For some, buying gold exchange traded funds (ETF) can seem like a good deal. You gain some exposure to gold‘s performance, but without having to arrange for receipt or storage of actual gold. How? A gold ETF trades like a stock, generally tracks the price of gold, and aims to replicate the performance of gold.
Gold ETFs “seek to combine the flexibility and ease of stock-market trading with the benefits of physical gold ownership,” writes the World Gold Council.
Sound like a rosy setup? Make sure you weigh the potential risks before you choose a gold ETF over physical gold.
ETF Risk #1: You’re dealing with unavoidable “counterparty risk”
This is one of the biggest risks associated with gold ETFs, per Business Insider and Forbes. Counterparty risk exists when there’s a chance that another party in an agreement will fail to live up to their side of the deal. With so many institutions involved in the ETF process, there are major counterparty risks to consider.
As an example, let’s say you wanted to buy shares in one of the world’s largest and most popular gold ETFs, the SPDR Gold Trust (GLD). First, you’d have to work through an Authorized Participant, typically a large financial institution. They would buy shares in the fund’s trustee—the SPDR Gold Trust. The trustee turns to their custodian, HSBC in the case of GLD, to source and store their gold.
And there are even more layers to consider beyond the Authorized Participant and the custodian. Custodians, like HSBC, use sub-custodians, reports Forbes, so in addition to carrying custodian risk, you’re also subject to sub-custodian risk.
“You are dependent upon, among other things, management prowess, fund structure, chain of custody, operational integrity, regulatory oversight, and delivery protocols (which are available only to very large shareholders),” notes Forbes. If any of those break down, your holdings could be at risk.
With physical gold, counterparty risk can be minimal since fewer parties are involved. There’s you and your gold company. You can be involved in each stage of the process, from purchase to shipment tracking and receiving. Transparency and trust go a long way toward mitigating counterparty risk and giving you peace of mind concerning your purchase.
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ETF Risk #2: You’re operating within a shaky system
Custodians and sub-custodians, typically banks, are responsible for sourcing and storing the physical gold associated with a gold ETF. The question is, can custodian banks be trusted to 1) last as long as the gold in their vaults and 2) adequately safeguard their holdings?
There have been six bank failures in the U.S. in 2017, according to data from the FDIC, and since October 2000, 553 banks have failed.
Huge international banks, like GLD’s custodian HSBC, must fare better, right? Consider this. HSBC could be on the brink of disaster, says Business Insider. What’s more, Business Insider reports that over the past two years, HSBC (the custodian of the largest gold ETF):
- was fined $1.9 billion for money laundering and sanction violations
- reportedly allowed drug traffickers to launder billions of dollars
- set aside $1.3 billion to settle claims that it manipulated foreign exchange rates
While physical gold can be bought, sold, and stored outside the banking system, gold ETFs and the gold associated with them cannot.
“One primary reason to own gold is for it to be your last line of defense in economic or monetary crisis. But since the banking system is also at risk during periods of stress, so are gold ETFs as they’re part of that very system,” writes Business Insider. “Why sabotage those protections by exposing your gold to an unprincipled and unstable bank?”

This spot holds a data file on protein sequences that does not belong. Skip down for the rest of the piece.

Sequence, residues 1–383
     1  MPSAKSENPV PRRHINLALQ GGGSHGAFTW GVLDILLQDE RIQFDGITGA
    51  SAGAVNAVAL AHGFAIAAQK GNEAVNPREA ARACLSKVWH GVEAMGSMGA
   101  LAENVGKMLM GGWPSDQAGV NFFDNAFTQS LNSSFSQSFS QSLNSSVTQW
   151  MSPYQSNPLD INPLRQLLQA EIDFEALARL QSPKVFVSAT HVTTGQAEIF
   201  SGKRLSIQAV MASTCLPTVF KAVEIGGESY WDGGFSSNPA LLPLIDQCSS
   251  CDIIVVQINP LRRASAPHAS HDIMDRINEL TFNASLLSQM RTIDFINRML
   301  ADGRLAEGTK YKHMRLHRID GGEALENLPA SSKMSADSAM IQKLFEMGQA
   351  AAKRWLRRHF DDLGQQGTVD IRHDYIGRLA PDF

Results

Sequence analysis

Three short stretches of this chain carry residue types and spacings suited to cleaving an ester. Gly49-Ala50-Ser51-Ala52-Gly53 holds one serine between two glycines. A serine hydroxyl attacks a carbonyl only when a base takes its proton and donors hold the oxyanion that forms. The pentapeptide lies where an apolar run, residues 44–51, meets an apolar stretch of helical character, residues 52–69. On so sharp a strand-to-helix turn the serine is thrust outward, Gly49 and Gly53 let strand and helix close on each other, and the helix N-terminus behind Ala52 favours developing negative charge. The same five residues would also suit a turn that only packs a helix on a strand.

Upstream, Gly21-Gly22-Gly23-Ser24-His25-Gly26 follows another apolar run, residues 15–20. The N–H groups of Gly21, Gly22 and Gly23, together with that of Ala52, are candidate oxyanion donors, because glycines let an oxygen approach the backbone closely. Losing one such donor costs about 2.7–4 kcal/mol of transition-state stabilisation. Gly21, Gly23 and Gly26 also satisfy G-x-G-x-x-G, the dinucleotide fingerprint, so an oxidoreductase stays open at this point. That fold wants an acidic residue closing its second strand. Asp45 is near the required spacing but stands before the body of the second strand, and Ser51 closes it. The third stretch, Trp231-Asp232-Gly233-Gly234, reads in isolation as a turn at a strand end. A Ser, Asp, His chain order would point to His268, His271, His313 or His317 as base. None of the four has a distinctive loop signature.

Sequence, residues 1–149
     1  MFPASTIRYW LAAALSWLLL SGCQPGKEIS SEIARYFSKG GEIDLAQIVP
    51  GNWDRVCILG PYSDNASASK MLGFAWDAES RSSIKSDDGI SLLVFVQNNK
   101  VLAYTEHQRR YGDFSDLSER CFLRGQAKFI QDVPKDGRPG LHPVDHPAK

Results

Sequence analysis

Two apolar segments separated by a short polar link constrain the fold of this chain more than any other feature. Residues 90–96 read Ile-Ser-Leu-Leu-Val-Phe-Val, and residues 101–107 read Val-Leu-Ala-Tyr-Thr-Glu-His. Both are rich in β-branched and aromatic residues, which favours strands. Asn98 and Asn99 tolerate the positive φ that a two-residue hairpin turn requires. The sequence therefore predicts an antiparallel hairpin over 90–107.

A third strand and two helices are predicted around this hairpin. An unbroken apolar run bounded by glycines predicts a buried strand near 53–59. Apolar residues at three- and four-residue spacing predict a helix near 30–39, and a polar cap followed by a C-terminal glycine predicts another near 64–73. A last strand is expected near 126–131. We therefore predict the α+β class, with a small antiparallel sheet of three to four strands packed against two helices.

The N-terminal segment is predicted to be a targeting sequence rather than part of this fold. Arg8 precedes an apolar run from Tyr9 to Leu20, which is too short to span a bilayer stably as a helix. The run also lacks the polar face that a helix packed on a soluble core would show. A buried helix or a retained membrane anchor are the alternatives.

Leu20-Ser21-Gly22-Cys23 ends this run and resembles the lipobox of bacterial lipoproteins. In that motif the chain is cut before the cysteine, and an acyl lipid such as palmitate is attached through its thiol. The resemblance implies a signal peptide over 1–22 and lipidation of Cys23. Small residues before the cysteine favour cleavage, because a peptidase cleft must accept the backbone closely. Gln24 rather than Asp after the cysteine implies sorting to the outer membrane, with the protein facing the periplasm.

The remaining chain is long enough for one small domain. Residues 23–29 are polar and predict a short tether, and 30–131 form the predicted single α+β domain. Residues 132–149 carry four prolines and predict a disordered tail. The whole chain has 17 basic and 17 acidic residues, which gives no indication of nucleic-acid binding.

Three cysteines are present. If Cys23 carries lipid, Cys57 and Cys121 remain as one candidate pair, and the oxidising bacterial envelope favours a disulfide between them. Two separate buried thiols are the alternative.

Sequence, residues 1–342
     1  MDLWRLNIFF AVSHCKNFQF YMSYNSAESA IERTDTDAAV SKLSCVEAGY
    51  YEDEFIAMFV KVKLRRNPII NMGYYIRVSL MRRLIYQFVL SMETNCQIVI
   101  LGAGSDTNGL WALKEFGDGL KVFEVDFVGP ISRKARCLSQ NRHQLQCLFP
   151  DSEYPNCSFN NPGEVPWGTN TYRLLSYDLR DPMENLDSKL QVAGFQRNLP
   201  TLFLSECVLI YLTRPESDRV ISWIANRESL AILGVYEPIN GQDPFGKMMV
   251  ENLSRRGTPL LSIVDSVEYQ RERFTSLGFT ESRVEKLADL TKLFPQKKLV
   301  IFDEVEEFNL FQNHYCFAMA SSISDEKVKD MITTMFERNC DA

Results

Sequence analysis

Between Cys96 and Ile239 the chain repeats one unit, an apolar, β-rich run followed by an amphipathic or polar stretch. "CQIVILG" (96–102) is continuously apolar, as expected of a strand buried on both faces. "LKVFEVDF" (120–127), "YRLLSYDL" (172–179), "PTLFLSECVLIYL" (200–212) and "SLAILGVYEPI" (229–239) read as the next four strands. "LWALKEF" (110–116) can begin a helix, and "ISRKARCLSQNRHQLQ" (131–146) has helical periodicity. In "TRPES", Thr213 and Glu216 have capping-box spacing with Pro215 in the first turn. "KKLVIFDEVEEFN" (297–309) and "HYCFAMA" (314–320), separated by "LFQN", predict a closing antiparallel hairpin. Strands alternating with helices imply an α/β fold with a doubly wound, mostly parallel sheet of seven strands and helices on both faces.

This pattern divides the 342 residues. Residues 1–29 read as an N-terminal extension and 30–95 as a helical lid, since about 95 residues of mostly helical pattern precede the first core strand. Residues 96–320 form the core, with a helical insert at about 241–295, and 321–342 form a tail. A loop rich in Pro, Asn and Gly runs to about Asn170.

ETF Risk #3: You still don’t own any physical gold
Buy a gold-backed ETF and you gain exposure to the price of gold, not actual, physical gold. Owning shares in a gold ETF is not the same thing as owning physical gold, and ETFs can’t replicate the safety and security offered by physical gold.
In theory you can take delivery of gold from your ETF shares, but it isn’t as straightforward as buying physical gold outright. Here’s an example. As Business Insider and MarketWatch note, GLD shareholders have to have a minimum of 100,000 shares in order to request an exchange, which is almost $12 million worth of shares as of August 8, 2017—not a position the average person is likely to have. Gold is then delivered in 400 to 430 oz. gold bars and cannot be broken into smaller pieces. Even after your request, the fund can send you a check instead of bullion for any reason they deem necessary.
In the words of GLD’s founder, George Milling-Stanley, “When you buy GLD shares, you’re buying an ownership in a trust…The individual [buyer] does not own gold that backs the trust, any more than an investor in GM owns a car or an investor in Apple owns an iPhone.” GLD shares represent a paper claim on gold, not gold itself.
Why settle for a paper proxy?
There can be more effective ways to buy and hold gold than a gold ETF—ways that don’t involve great counterparty risk and don’t operate within the confines of the banking system or stock market.
Even central banks buy gold coins and bars—not gold ETFs—to manage risk, promote stability, and hedge against inflation and a sagging dollar. Why buy a paper substitute for gold when you can own the real thing?
Gold has been used as a currency and a store of wealth since the beginning of recorded history. Gold ETFs? The first fund came along in March 2003.
At some point, gold could become difficult to impossible to come by. Unlike exchange-traded funds and their shares, the world’s supply of physical gold is finite.
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